Although the revolution upgraded Tunisia’s regime hardware from an authoritarian to a democratic government, its operating system — its state institutions, laws, bureaucracies, courts and police — remained largely unchanged, the Carnegie Endowment’s William J. Burns and Marwan Muasher write for The Washington Post:
These continued to serve their original function: to capture, not disperse, state resources. As a result, despite the best intentions of Tunisia’s new leadership, billions of dollars and dozens of projects never got off the ground, sending Tunisians back to the streets. This made it much more difficult for Tunisia’s leaders to get public support for necessary, if painful, economic reforms. And it shook international confidence in Tunisia and undermined efforts to generate international support.
“Tunisia and its partners largely know and share a sense of the diagnoses and prescriptions for the country’s ills, they lack a mechanism for helping to turn their common agenda into results,” note Burns – a board member of the National Endowment for Democracy – and Muasher. “This is why there is an urgent need to establish a new framework for partnership — a compact that couples Tunisian-led policy and bureaucratic reforms with more coordinated and concrete international assistance.”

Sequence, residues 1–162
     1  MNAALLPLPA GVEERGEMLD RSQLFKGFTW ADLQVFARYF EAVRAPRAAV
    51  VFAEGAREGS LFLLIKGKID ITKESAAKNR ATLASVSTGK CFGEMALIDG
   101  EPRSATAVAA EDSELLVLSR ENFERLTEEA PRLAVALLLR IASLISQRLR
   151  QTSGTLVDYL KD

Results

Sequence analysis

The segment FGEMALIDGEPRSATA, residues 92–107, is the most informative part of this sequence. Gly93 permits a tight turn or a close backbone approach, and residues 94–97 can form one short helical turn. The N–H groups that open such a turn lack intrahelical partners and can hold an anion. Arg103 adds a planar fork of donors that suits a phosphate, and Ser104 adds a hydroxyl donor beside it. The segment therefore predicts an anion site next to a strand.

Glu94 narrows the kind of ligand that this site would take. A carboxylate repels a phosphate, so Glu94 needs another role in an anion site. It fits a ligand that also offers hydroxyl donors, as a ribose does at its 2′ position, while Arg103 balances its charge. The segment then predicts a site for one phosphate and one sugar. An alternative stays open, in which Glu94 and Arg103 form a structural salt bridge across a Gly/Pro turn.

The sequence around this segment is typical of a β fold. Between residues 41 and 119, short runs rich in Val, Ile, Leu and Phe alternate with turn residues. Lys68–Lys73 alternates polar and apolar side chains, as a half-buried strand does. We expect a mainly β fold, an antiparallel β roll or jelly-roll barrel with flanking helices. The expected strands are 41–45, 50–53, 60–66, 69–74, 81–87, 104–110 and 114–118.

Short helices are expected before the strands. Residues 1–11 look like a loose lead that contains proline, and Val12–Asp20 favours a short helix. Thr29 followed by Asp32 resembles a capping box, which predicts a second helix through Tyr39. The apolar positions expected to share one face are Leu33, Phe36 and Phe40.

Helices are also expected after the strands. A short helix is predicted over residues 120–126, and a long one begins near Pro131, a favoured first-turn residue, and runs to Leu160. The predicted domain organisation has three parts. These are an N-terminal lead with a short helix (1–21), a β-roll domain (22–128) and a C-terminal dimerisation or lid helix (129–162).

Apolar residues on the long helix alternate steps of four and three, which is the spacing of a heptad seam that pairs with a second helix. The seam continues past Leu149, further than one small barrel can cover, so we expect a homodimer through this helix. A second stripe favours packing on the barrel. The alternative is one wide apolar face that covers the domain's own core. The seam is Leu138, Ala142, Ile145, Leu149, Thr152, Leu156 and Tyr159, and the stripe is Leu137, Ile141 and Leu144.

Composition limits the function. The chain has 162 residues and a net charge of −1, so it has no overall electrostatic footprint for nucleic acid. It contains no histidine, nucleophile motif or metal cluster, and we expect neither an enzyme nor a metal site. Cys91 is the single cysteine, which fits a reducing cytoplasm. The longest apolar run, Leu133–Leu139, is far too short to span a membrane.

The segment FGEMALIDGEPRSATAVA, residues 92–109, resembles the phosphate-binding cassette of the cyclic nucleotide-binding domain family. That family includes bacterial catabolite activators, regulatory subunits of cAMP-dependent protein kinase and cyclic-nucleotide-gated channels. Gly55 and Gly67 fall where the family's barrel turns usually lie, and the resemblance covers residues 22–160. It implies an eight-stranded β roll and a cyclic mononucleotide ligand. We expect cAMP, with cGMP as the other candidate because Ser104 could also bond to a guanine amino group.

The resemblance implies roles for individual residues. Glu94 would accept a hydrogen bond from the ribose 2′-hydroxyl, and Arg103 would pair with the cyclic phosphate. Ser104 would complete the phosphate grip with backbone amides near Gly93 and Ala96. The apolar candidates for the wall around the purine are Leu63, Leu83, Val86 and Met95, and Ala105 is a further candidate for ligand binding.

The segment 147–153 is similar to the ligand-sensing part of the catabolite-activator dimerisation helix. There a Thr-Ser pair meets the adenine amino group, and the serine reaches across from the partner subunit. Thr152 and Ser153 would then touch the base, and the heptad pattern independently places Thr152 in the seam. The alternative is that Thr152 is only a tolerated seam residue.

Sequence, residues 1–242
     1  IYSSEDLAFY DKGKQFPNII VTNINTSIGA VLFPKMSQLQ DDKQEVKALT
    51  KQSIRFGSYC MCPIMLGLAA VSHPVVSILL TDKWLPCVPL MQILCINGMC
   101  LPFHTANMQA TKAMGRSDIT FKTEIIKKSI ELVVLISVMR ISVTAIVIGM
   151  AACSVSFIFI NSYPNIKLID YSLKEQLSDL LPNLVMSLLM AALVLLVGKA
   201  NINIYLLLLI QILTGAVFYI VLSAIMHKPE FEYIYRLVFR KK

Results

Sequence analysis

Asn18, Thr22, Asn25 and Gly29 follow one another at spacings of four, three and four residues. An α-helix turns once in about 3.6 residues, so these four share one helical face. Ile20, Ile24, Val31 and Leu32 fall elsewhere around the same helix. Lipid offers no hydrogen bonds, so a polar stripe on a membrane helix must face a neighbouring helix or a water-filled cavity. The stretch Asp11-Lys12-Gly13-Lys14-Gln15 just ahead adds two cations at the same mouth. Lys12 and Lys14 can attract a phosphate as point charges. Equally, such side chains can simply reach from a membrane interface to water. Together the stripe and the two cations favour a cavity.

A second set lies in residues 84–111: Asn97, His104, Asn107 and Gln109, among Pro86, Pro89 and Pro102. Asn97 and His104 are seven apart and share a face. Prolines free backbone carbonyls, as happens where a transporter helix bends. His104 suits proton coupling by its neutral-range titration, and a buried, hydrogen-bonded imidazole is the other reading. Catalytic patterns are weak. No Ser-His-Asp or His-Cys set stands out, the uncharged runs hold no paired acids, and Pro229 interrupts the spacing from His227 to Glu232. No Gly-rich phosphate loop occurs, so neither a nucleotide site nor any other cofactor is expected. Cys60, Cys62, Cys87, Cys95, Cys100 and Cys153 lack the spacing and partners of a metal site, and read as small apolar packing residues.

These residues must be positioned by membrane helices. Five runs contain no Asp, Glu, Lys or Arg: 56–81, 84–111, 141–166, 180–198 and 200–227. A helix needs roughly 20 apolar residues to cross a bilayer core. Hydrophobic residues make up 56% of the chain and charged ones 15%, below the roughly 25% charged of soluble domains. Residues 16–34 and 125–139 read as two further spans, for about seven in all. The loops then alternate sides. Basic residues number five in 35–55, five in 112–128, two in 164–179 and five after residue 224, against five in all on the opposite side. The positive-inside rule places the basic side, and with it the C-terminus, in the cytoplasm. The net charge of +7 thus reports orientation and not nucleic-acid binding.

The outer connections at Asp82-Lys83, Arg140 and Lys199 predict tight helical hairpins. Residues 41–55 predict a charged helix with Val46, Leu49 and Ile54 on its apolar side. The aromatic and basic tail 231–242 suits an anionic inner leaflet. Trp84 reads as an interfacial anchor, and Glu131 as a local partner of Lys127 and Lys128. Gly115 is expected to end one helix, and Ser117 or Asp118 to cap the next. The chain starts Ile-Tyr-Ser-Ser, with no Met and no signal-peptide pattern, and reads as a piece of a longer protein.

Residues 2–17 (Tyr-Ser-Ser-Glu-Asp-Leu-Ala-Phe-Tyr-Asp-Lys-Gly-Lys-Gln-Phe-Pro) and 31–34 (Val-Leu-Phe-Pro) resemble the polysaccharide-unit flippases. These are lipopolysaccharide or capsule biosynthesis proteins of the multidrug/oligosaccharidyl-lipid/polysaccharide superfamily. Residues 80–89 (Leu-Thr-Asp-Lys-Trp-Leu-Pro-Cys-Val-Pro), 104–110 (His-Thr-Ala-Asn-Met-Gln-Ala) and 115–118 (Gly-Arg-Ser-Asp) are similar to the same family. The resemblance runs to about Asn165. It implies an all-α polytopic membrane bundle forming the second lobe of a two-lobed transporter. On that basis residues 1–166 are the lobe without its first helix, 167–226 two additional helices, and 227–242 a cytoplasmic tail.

In his latest paper for the London School of Economics (LSE) Middle East Center’s Working Paper Series, Professor Charles Tripp explores the political effects of this opening up of spaces, Carnegie’s Sada Journal reports. In his estimation, the redefinition of space, the struggle over what is “public,” and what constitutes public business (res publica) suggest a substantive change in the practice of politics in Tunisia. In all its complexity, what we have been witnessing over the last several years has been Tunisians setting the boundaries of a new “Tunisian Republic.”